Friday, June 5, 2009

Is English a Second-Class Language?

Obviously, official English is a contentious issue for the United States, wrapped up in complex issues like America's alleged status as a "propositional nation". What is interesting is that our English-speaking neighbors to the north are in a complex situation quite different (and yet, as I will show, subtly similar). Canada is a federation, like the United States, and thus each province chooses for itself what its official languages will be.

In theory, this makes perfect sense, since the linguistic details are quite different, province to province. Provinces have powers approximately equal to that of an American state or a Swiss canton. A province can be completely bilingual, completely monolingual, or it can have a main language (official to all institutions) and a secondary language (official to some).

Yet, the details of the actual arrangement come across as a little odd. Here are the provinces ranked by population, with percentages of English and French speakers, and the status of the languages in provincial government:

Quebec - 81.8% Francophone, 10.6% Anglophone - French only
New Brunswick - 69.0% Anglophone, 29.7% Francophone - fully bilingual
Ontario - 81.4% Anglophone, 2.5% Francophone - English main, French 2nd
British Columbia - 83.0% Anglophone, 0.5% Francophone - English main, French 2nd
Manitoba - 88.0% Anglophone, 1.8% Francophone - English main, French 2nd
Alberta - 89.5% Anglophone, 0.7% Francophone - English main, French 2nd
Saskatchewan - 94.4% Anglophone, 0.5% Francophone - English main, French 2nd
Nova Scotia - 96.2% Anglophone, 1.9% Francophone - English main, French 2nd
Prince Edward I. - 97.1% Anglophone, 2.1% Francophone - English main, French 2nd

Newfoundland - 98.8% Anglophone, 0.1% Francophone - English main, French 2nd

This is all the result of decisions of the individual provinces, yet patterns emerge. Looked at from a naturalist's perspective, instead of a political scientist's, the "law" would mean what predictions one could make based on viewing these patterns. If one were to go about this like a common-law judge, it would be easy to "discover the law" of official language in Canada.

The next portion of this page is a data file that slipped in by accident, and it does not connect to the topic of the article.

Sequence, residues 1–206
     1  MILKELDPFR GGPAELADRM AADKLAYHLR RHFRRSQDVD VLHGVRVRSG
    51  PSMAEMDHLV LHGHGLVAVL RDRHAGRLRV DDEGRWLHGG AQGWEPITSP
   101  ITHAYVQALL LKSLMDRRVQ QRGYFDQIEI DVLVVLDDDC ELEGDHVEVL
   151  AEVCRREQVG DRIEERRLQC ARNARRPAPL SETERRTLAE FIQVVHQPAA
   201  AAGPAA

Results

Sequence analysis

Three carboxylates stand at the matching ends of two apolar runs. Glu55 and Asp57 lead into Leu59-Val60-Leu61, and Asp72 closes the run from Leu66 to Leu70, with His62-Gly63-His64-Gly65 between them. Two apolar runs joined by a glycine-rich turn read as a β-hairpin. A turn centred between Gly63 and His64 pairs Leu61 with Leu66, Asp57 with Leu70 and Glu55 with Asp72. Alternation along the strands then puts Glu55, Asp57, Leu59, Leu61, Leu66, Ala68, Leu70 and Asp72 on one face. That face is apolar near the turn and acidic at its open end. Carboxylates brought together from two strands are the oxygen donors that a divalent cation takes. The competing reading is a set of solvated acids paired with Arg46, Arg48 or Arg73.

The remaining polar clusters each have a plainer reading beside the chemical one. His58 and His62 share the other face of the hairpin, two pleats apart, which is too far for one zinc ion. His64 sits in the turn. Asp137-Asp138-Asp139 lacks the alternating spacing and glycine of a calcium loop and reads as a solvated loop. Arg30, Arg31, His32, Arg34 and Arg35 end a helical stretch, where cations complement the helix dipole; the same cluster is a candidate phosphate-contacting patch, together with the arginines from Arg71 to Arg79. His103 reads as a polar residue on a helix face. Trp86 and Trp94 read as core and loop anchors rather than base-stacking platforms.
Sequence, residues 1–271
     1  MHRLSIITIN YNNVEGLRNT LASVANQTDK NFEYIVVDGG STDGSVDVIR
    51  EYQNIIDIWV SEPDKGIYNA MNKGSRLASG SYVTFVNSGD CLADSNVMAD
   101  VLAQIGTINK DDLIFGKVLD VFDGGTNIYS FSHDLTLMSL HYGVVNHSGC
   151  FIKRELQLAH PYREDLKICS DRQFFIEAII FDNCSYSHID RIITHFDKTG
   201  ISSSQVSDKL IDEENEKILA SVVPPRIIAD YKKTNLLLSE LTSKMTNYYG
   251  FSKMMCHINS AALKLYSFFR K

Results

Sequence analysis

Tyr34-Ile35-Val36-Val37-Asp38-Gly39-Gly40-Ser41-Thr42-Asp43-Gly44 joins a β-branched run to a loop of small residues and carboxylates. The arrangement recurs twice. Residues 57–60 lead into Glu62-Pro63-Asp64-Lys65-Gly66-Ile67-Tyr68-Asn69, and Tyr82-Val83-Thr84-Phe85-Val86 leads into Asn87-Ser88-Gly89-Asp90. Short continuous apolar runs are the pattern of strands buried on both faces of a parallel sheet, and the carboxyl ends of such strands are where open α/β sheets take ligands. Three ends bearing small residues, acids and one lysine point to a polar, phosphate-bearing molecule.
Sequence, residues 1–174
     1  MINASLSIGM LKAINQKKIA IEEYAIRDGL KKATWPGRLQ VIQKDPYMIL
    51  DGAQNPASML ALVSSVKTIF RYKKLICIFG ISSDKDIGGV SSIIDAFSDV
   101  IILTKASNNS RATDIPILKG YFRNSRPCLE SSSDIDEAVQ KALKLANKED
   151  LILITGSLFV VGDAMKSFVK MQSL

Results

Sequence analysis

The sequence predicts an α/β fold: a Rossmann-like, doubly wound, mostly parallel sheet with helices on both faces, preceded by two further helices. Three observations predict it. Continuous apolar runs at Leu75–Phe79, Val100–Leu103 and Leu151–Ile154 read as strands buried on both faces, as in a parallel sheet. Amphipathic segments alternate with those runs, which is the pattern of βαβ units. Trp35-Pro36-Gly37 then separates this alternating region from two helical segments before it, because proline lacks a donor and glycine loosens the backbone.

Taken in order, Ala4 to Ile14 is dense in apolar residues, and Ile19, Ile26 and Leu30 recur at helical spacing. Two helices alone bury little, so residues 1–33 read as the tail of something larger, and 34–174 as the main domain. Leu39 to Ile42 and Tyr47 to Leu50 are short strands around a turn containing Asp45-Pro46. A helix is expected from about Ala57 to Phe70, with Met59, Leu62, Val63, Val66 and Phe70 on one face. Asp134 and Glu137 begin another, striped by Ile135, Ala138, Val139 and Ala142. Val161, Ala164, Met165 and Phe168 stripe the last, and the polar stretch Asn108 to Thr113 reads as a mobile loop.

If one in four residents of a province speaks French, French is guaranteed official status equal to that of English; English can hold its own if two-thirds of the population speak it.

If one in a thousand residents of a province speak French, France is guaranteed at least secondary official status. However, one in ten residents of a province speaking English does not guarantee any official status to English.

If four of every five residents of a province speaks French, France is guaranteed exclusive status as an official language. However, 98% of a province speaking English does not guarantee English any exclusive status.

Thus, the property that emerges from the collective provincial language laws is that a French speaker is worth between two and one hundred times as much as English speaker.

I raise this issue not because Canadian Anglophones are uniquely lacking in political will - quite the contrary. British police arrested an English girl for asking to be placed with students who spoke English (it was considered a "racist" incident and her request was manufactured into a "refusal" by the London press). Attempts to make English the official language of the United States are similarly branded, though the percentage of Americans who speak English as native (82%) is even higher than that of Canada (67%).

It is not just language that unites Canada, the UK, and the USA. It is also a crisis of confidence stemming from distortions of the Anglo-Saxon liberalism of James Mill and Jeremy Bentham. Historians can debate exactly when liberalism became leftist, exactly when xenophilia became Anglo-bashing, and the debates will prove very interesting. In any case, the idea of enforced multilingualism is a prime example of pluralism without clarity. It will prove quite costly.

No comments: